"These are serious charges," the Giants said. "Now that the judicial process has begun, we look forward to this matter being resolved in a court of law."
In Washington, White House spokesman Tony Fratto said: "The president is very disappointed to hear this. As this case is now in the criminal justice system, we will refrain from any further specific comments about it. But clearly this is a sad day for baseball."
Commissioner Bud Selig withheld judgment, saying, "I take this indictment very seriously and will follow its progress closely."

Rare Robbery Case Renders Cries of Racism.

In Lakeport, California three young Black men break into a white man's home in rural Northern California. The homeowner shoots two of them dead — but it's the surviving Black man who is charged with murder.
Was it self-defense or murder? Was deadly force reasonable or unreasonable under the circumstances? Was the shooter a drug dealer? Had the three youths bought drugs from him before? Why did they go to his house looking to score some drugs? At what point did they disengage and flee for their lives? Why did he have to shoot two of them when he had already killed one? Was he really trying to kill all three fleeing youths? How many slugs did he pump into the backs of the two that he hit with his unsteady aim while under the influence of drugs? All reasonable questions that the prosecutor must have asked and answered before deciding to charge the fleeing unarmed Black youth with two counts of first degree murder!Renato Hughes Jr., 22, was charged by prosecutors in this overwhelmingly white county under a rarely invoked legal doctrine that could make him solely responsible for all the bloodshed. This has brought cries of racism from civil rights groups.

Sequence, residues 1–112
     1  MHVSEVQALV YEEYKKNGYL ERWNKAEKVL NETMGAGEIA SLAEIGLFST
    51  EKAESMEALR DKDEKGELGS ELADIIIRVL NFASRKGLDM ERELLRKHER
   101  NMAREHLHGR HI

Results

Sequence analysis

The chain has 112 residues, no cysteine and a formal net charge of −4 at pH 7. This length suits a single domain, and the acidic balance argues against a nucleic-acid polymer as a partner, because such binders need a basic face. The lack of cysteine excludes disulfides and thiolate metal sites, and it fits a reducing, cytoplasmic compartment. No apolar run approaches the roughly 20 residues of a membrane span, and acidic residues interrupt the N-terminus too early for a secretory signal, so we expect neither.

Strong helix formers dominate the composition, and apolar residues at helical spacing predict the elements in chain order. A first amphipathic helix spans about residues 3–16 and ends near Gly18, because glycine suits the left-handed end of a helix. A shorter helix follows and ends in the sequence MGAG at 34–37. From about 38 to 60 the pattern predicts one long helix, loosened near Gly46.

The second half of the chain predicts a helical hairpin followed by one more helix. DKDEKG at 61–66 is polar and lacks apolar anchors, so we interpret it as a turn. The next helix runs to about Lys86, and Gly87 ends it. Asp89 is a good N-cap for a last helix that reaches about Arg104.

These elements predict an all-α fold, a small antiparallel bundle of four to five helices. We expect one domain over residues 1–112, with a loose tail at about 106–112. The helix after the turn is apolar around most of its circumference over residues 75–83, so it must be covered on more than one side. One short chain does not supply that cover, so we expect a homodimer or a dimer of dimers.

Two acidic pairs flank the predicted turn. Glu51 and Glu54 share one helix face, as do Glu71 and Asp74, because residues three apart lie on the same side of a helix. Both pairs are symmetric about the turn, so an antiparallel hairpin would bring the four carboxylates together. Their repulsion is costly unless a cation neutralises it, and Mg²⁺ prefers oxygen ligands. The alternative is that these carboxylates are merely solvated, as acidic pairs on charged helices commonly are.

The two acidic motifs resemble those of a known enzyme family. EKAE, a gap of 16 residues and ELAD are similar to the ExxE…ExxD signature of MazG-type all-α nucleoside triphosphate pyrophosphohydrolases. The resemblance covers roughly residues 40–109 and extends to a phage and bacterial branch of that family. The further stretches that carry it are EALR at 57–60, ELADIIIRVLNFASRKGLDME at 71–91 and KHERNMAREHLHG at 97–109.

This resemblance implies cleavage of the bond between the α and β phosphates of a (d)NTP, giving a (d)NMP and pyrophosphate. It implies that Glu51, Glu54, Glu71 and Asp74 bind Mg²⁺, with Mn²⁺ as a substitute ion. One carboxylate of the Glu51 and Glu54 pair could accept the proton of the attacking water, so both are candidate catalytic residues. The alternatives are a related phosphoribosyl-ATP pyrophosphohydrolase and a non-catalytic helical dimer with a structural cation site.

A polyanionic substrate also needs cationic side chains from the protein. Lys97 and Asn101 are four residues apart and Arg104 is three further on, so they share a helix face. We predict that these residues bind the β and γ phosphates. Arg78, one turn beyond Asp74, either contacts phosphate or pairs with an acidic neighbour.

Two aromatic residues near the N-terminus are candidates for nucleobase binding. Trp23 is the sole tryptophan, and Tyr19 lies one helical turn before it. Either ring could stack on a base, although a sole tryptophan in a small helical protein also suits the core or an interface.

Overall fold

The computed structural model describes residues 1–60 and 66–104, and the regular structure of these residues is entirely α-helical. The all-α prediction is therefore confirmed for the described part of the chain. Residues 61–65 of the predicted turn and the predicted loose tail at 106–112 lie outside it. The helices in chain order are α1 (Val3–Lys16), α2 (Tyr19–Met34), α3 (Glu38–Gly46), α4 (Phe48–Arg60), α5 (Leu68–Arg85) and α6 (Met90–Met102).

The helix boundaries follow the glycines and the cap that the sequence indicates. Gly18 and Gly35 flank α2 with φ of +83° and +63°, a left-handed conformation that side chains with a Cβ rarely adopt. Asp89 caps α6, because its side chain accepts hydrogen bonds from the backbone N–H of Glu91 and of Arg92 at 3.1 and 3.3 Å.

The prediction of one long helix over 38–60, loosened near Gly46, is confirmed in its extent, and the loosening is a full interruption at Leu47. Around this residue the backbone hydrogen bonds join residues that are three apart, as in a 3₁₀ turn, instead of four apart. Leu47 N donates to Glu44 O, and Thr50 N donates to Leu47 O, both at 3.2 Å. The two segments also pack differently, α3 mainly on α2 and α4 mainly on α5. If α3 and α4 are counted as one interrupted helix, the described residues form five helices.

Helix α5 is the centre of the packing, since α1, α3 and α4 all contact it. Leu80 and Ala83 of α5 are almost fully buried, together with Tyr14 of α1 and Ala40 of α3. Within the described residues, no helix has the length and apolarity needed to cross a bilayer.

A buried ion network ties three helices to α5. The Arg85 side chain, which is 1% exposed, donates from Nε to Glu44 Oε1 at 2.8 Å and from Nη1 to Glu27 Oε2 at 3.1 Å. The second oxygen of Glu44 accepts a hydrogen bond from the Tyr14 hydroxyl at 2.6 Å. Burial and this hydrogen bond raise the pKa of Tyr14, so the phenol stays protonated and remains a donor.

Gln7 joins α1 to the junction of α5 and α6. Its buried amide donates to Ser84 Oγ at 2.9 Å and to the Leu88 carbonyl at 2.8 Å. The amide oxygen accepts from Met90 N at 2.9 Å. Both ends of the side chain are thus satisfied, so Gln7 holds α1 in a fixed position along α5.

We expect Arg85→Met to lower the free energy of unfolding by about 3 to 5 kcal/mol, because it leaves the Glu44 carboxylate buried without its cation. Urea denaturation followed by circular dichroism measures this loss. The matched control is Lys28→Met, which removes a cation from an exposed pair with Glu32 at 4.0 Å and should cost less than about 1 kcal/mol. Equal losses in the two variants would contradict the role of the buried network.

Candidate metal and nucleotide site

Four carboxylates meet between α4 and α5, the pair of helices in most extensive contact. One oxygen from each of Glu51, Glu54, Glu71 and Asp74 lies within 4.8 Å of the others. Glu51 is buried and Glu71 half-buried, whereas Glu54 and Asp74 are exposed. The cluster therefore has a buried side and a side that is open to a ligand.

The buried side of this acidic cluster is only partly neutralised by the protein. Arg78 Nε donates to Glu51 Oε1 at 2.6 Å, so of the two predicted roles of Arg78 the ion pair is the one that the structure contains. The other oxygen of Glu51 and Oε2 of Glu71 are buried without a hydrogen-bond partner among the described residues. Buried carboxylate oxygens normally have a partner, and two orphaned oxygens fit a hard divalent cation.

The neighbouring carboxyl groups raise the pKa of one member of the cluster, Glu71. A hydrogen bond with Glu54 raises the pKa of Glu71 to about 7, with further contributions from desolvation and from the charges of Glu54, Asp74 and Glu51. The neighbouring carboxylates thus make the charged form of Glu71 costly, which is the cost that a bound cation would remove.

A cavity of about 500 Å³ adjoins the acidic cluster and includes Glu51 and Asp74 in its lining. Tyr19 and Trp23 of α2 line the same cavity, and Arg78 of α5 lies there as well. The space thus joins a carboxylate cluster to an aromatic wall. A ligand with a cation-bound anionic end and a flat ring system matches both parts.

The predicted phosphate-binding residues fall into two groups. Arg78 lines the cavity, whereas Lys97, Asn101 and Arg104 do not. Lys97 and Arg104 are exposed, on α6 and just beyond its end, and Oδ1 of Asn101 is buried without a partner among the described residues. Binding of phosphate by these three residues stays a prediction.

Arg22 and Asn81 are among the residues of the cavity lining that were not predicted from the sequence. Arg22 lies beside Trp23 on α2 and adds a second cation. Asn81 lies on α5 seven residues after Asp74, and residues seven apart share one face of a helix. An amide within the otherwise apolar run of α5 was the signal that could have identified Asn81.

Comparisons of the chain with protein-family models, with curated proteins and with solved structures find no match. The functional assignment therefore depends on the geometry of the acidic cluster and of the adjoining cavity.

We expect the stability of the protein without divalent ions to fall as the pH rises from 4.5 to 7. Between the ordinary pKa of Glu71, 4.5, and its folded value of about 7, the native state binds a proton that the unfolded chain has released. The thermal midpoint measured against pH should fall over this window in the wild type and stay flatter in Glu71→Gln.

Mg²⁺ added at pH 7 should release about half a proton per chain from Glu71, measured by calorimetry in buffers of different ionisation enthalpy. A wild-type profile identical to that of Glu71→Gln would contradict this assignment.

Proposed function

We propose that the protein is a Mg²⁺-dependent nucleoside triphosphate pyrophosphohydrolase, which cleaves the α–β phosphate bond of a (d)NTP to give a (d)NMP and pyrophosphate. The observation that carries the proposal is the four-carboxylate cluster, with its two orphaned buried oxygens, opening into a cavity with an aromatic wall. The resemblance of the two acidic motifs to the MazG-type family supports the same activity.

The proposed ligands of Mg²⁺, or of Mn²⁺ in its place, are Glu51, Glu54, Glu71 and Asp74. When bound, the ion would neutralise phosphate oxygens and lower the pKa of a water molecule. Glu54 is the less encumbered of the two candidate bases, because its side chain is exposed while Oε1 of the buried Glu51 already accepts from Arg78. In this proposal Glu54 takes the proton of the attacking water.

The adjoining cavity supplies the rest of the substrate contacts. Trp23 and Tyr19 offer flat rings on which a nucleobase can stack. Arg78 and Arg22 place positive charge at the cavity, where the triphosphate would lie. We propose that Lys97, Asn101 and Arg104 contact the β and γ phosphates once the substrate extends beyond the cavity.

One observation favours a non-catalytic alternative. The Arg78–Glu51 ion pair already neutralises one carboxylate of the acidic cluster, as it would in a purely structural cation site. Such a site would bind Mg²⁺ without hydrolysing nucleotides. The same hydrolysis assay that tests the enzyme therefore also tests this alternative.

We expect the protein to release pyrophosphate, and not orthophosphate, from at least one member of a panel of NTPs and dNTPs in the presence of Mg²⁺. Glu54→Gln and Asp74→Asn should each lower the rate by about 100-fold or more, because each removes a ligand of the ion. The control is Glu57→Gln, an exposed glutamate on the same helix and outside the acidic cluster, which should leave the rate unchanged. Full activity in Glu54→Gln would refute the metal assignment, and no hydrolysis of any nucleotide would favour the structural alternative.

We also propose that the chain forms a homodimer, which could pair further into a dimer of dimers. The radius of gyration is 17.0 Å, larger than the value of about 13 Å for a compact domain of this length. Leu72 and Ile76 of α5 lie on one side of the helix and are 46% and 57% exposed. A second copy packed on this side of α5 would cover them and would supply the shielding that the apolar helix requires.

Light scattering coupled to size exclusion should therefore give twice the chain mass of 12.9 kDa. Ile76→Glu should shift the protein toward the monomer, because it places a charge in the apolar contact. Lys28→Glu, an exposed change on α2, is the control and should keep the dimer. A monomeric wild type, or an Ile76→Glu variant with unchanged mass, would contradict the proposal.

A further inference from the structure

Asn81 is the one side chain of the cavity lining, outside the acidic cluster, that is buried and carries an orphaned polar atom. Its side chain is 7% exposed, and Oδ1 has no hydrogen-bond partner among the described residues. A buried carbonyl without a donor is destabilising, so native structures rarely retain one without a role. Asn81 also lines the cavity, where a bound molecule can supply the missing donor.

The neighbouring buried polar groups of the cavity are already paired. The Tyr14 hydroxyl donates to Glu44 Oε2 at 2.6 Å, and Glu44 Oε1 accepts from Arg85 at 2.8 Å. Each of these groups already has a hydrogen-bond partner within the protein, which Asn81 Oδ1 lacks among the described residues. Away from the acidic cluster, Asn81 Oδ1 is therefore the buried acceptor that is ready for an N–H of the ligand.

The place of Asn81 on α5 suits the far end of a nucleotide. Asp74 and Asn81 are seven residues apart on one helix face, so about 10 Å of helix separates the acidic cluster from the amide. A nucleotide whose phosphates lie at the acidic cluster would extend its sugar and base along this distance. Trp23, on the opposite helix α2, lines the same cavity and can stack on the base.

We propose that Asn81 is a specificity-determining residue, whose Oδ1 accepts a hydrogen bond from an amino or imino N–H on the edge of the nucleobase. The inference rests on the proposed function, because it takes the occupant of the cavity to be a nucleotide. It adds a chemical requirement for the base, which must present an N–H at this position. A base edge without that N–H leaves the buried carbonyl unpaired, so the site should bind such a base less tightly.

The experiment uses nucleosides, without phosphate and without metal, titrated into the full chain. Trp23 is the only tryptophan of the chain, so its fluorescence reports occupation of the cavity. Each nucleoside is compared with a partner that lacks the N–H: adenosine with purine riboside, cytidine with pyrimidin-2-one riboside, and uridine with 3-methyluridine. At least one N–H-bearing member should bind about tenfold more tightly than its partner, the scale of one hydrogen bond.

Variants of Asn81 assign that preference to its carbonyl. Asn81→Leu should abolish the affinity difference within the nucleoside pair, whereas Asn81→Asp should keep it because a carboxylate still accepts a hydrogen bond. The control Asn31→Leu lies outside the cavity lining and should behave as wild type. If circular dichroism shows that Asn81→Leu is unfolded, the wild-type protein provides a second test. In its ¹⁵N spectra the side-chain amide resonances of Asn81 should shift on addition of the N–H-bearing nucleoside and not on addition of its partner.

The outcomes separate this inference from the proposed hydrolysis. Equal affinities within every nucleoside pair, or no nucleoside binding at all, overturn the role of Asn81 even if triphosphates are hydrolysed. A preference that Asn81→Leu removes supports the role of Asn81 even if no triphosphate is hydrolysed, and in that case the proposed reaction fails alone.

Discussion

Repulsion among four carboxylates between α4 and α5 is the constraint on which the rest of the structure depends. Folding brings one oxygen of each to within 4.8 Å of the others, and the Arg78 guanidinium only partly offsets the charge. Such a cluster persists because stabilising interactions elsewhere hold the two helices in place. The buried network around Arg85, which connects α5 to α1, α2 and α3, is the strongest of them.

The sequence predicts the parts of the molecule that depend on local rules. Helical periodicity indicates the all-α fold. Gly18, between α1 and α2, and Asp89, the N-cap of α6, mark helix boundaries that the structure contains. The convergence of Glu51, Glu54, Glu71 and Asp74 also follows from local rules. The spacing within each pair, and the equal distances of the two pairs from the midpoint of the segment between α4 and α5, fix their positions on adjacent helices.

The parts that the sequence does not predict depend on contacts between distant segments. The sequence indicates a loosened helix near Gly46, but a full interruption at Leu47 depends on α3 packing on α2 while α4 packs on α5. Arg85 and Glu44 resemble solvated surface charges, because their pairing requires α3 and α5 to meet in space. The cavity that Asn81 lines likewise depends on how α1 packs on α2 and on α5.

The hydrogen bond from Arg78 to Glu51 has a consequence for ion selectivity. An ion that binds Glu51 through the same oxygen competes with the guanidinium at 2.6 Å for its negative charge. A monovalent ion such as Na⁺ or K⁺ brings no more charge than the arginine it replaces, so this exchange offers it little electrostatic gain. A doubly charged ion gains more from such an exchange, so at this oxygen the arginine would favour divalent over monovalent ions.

District Attorney Jon Hopkins said that Hughes was responsible for "setting the whole thing in motion by his actions and the actions of his accomplices." Three young Black men broke into the Clearlake house of Shannon Edwards demanding marijuana and brutally beat his stepson. Two of the Black men, Rashad Williams, 21, and Christian Foster, 22, were shot in the back. Hughes fled.